Go wild about gardens
Andrew Davis of The Wildlife Trusts, commented: 'The Wild About Gardens partnership will help the battle for the preservation of several species, including the stag beetle, song thrush, hedgehog and bumblebee. The UK's gardens provide more green spaces than all the designated National Nature Reserves combined. This huge area can help wildlife thrive, at a time of habitat loss and climate change.'
Simon Thornton-Wood, of the Royal Horticultural Society, said: 'Gardening for wildlife has gained popularity over the past few years and is no longer seen as meaning a messy and unkempt garden. Wild About Gardens is about giving people the advice and inspiration they need to make the most of their potential garden nature reserves.'
Anne MacCaig of Ribena added: 'Wild About Gardens is bringing together the worlds of gardening and nature conservation for the benefit of people and wildlife. We hope that the collaboration between Ribena, The Wildlife Trusts and The Royal Horticultural Society will help people to understand and encourage local wildlife and in their own gardens.'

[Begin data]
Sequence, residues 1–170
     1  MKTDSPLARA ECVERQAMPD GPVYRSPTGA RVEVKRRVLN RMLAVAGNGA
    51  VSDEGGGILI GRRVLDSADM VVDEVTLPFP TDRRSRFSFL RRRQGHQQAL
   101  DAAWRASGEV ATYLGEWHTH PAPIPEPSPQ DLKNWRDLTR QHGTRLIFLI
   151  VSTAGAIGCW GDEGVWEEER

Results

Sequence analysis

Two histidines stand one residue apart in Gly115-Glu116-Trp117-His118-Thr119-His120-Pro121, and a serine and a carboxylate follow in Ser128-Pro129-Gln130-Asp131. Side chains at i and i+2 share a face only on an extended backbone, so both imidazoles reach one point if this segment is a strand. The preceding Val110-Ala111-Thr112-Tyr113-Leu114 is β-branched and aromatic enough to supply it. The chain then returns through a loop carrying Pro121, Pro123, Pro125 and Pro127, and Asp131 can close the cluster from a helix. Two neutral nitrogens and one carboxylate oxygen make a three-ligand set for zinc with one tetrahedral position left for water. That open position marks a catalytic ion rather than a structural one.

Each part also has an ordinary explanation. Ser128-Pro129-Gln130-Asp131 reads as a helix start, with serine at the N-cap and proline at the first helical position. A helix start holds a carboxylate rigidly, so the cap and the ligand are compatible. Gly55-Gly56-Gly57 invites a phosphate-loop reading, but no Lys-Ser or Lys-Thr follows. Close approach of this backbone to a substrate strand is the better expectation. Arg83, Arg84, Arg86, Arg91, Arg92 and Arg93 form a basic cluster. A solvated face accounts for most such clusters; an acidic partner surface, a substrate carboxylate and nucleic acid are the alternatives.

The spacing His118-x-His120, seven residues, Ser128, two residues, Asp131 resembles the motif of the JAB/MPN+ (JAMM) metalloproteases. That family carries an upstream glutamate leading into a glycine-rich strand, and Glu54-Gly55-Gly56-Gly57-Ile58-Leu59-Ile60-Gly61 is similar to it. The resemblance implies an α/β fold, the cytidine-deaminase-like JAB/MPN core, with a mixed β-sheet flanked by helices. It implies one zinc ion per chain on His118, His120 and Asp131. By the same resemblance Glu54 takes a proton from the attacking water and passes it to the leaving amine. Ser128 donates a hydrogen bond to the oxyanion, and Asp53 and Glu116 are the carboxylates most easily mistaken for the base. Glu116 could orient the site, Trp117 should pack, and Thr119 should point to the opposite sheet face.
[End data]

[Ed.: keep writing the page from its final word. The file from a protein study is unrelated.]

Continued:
'We are very excited about being involved in Wild About Gardens. Our Ribena blackcurrant growers have a unique partnership with The Wildlife Trusts, having implemented tailored conservation plans across all their farms. Measures taken include the erection of bird and bat boxes and the creation of rough grass margins around fields and ponds to make sure that native British wildlife continues to thrive for years to come. These plans have proved so successful to date that we want to share our experiences in a bid to help encourage others to take action to benefit the wildlife in their gardens.'
To find out more hints and tips from the experts on how to make your garden more wildlife friendly visit www.wildaboutgardens.org.
10 tips for a better wildlife garden.
Love your lawns - but find romance in the rough Rough grass margins have been successfully established on Ribena blackcurrant farms across the UK, helping local wildlife to flourish. If you have an area of lawn that is difficult to cut, leave it to grow throughout the summer and cut it at the end of the season. This will provide an excellent habitat for many insects, particularly moths, grasshoppers and beetles, and newly-emerged frogs.